Monthly Archives: February 2012

Tea and Comics

Back from Cardiff Comic Expo with a huge pile of new comics, the remnants of a hangover and a day off work to deal with both.

My recovery started with a nice cup of tea and a reading of a new anthology: Into the Woods. It’s a collection of fairy tales, reworked and retold by a variety of writers and artists, under the stewardship of Stacey Whittle. If you don’t know Stacey, you don’t know comics: she is the queen of the small press, one half of the Small Press Big Mouth podcast and a passionate advocate of all that independent comics can offer.

So it’s interesting to see her switch her reviewing shoes for editing ones. Talking to her at Cardiff Expo about launching Into The Woods, she was excited, relieved and terrified all at the same time. She didn’t need to be terrified: Into The Woods is a well-balanced anthology with a consistently high level of work throughout.

Everyone will pick their favourites: I loved the unspoken hints of nastiness at the end of Rich McAuliffe and Sara Dunkerton‘s Red Riding Hood; the oppressive atmosphere of The Madness From the Sea (by Scott Harrison, Lee Grice and Filiip Roncone); the beautiful, gentle ending of A Time For A Change by Ollie Masters and Valia Kapadai.

If I could only take one of these stories on my desert island though, it would be Black Shoes, as told by Daniel Clifford, David Wynne and Ian Sharman. Set in the early 1970s, it creates a great sense of place and time and quickly conveys the relationships between mother / daughter and schoolgirl / suitor. Our heroine finds herself in a perilous situation of her own making, and her solution is as brutal as it is inevitable. I believe that the best fairy tales carry a warning on their gossamer wings; for me, Black Shoes issues its warning cry loudest of all in this anthology.

You can buy Into The Woods for just £5 at Ayesaw Comics or read more about it at Stacey’s blog. Definitely a worthwhile investment!

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Sensible Saturday – A Conference on How to Get Published

Spent the day at the Writers and Artists “How to Get Published” conference learning, um, how to get published. I’ve boiled it down and boiled it down and finally have something approaching jam. So here are my Ten Commandments of getting published:

1. Thou shalt follow the submission guidelines – just do what they say and no-one will get hurt.

2.Thou shalt follow the submission guidelines – no, really, we don’t want any trouble here.

3.Thou shalt do thy homework – don’t send sci fi to a romance agent / publisher; whether they like it or not, they just won’t know what to do with it (paraphrasing there).

4.Thou shalt woo thy potential agent or publisher with the same care and attention that you wooed (woo’d?) your beloved – oh yes, you have to find out what makes them tick, what they like, what they hate, who else they’ve dated / published, where they live, what their PIN number is… oh no, hang on, some of those aren’t quite right….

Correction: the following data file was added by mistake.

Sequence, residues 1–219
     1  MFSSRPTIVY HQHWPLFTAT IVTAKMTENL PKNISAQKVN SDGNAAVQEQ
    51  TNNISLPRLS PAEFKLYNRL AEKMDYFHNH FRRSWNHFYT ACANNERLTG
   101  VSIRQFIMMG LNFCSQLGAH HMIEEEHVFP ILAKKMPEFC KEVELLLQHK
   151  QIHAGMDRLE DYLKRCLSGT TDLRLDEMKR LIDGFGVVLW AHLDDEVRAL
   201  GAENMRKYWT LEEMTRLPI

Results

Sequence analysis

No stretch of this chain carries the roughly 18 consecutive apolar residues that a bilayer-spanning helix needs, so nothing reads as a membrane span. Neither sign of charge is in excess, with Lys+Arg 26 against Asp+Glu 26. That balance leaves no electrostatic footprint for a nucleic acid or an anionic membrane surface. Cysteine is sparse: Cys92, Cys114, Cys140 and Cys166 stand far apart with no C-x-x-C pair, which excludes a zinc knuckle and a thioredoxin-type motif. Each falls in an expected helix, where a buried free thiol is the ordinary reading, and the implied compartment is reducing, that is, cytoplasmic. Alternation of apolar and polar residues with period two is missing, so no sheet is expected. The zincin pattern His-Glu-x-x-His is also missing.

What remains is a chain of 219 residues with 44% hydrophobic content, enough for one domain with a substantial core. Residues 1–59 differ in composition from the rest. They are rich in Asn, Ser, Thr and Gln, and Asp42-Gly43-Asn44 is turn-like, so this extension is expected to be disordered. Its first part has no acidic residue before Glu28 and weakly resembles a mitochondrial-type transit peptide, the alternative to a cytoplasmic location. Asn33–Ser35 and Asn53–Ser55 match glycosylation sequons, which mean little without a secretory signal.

5.Thou shalt not apologise for thy work – humility kicks in when you accept your Booker, not when you’re trying to get noticed. However:

6.Thou shalt not puff thyself up unduly – leave your ego in the wardrobe and wear your writing instead.

7.Thou shalt not waffle. Full stop.

8.Thou shalt not have a spelling mistake, a punctuation error or any kind of slip that makest thou seem like an amateruish dingbat.

9.Thou shalt not get impatient or huffy when the agent or publisher takes some time to reply – they’re busy people but they will read you and they will respond, especially if you obey number 10.

10. Thou shalt only submit books that are really, really good. The moral of the whole thing was that if the book is good enough, you can break at least some of Commandments 1-9. If the book is a pile of proverbial, then go back and start again.

Sage advice from Carole Blake (superagent), Richard Charkin (senior bod at Bloomsbury), Cressida Dowling (book adviser, editorial consultant etc) and the marvellous Barbara Trapido (seemingly accidential novelist), plus a panel of even more agents (Patrick Walsh, Madeline Buston and James Gill). A lot of wisdom in one room including some lovely fellow writers to talk to in the breaks.  Particularly lovely to meet Charlie Wilson, aka The Book Specialist, Amanda who co-produces Harold the Platypus and Ann Thomas who has written and recorded the Enchanted Empire stories. Add decent coffee and comfy chairs and it was a pretty decent day out.

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Flashy Friday

So a quiet Friday of writing was interrupted by Writers and Artists Yearbook, with a flash competition on Twitter. The challenge: tweet a story including the word “mime”. My entry:

In a quiet town, a mime gave a mute invisible roses. At their wedding, they kissed to silent applause.

Just got the tweet through to say I won <doing a little dance around the room>. Go me!

(OK. Enough with the self-absorption.)

Suffice to say I’m very pleased and it sets me up well for a whole day with Writers & Artists type folk at their Getting Published Conference tomorrow. It was a late decision to go, but I’m looking forward to a day of agents, published and other writers, plus an excuse to hang around and be curious at the Wellcome Collection.

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Boo-yaa!

A quick follow up on recent competitiveness: looks like both my submissions to Paragraph Planet were accepted. The first one – Undercover – was published on 27 January. If you follow this link, and look in the archive drop-down for that date, you can have a read.

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